Steinhoff has dealt another blow to investors and creditors this morning warning that its accounts from 2015 may also need to be restated.
The accounting scandal which broke in late 2017 has already decimated the retailer’s reputation, seeing two chief executives resign. Furthermore around 90 per cent of Steinhoff’s share price value has been wiped off, estimated to total around £9 billion.
In December, following a probe into “accounting irregularities” which saw the shock departure of its chief executive Marcus Joost, the group revealed that its 2016 accounts would have to be restated.
However, today the retailer has warned investors to “exercise caution” revealing that accounts as far back as 2015 will also have to be restated.
A spokesman said the “restatement of the financial statements of Steinhoff Investment Holdings Limited for years prior to 2015 is likely to be required and investors in Steinhoff are advised to exercise caution in relation to such statements”.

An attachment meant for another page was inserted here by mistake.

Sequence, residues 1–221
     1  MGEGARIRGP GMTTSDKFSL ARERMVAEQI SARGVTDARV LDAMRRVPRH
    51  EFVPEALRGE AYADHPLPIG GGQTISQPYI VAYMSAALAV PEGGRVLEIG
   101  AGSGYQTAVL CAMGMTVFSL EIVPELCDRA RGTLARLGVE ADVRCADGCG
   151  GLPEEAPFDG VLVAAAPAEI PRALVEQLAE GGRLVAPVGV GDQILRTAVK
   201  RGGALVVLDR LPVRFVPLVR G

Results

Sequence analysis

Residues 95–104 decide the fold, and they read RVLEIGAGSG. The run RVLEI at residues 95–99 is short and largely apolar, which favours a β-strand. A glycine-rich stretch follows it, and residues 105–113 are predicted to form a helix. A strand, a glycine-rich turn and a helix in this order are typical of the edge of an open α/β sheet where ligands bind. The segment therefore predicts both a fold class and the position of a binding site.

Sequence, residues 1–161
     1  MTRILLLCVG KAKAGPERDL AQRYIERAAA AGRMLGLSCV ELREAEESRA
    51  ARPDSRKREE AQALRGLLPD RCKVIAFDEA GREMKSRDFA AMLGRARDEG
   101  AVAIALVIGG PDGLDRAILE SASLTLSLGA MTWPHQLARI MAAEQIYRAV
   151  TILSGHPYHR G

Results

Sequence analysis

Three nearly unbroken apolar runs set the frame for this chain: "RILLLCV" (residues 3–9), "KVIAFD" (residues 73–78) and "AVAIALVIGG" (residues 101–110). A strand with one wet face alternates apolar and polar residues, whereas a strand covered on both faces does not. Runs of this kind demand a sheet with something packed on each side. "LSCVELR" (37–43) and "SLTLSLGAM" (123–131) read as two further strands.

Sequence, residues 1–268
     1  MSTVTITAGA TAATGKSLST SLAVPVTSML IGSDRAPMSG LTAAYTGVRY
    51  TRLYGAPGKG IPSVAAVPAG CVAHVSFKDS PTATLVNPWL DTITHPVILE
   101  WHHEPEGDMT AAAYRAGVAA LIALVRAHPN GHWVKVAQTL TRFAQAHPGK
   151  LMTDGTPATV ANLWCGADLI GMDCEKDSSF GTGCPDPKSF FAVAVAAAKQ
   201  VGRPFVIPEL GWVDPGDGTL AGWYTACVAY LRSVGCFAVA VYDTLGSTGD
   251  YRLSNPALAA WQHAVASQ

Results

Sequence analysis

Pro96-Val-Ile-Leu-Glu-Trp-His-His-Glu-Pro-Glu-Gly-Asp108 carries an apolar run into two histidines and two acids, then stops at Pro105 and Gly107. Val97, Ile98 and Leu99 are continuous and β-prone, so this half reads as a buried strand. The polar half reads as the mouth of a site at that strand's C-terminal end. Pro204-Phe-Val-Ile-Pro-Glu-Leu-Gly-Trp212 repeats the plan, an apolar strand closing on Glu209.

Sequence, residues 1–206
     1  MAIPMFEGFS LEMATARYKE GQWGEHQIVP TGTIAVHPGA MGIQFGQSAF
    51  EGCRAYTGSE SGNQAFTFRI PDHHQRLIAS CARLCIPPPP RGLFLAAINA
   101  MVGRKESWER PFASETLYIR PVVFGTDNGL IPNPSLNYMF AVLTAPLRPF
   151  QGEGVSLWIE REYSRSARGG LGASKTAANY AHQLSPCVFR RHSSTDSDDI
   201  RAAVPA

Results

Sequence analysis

The probe remains active and the story is still developing, with no solid date for the probe’s completion yet established.
Last week Steinhoff’s rating was downgraded for a second time by Moody’s to CAA1, meaning it is an extremely high-risk investment.
Moody’s also highlighted Steinhoff’s £1.3 billion debt pile stating that the continuing scandal made it “challenging to either repay or refinance these debt maturities”.
The fate of its UK companies Poundland, Bensons for Beds and Harvey’s are not yet known, however it is likely that Steinhoff will be forced to sell them off in an effort to consolidate its staggering losses.
With speculation growing over the fate of Steinhoffs UK companies, a Poundland spokesperson said it had “always been run at arms length from Steinhoff” and was “independent, profitable and financially strong, delivering positive cash flows”.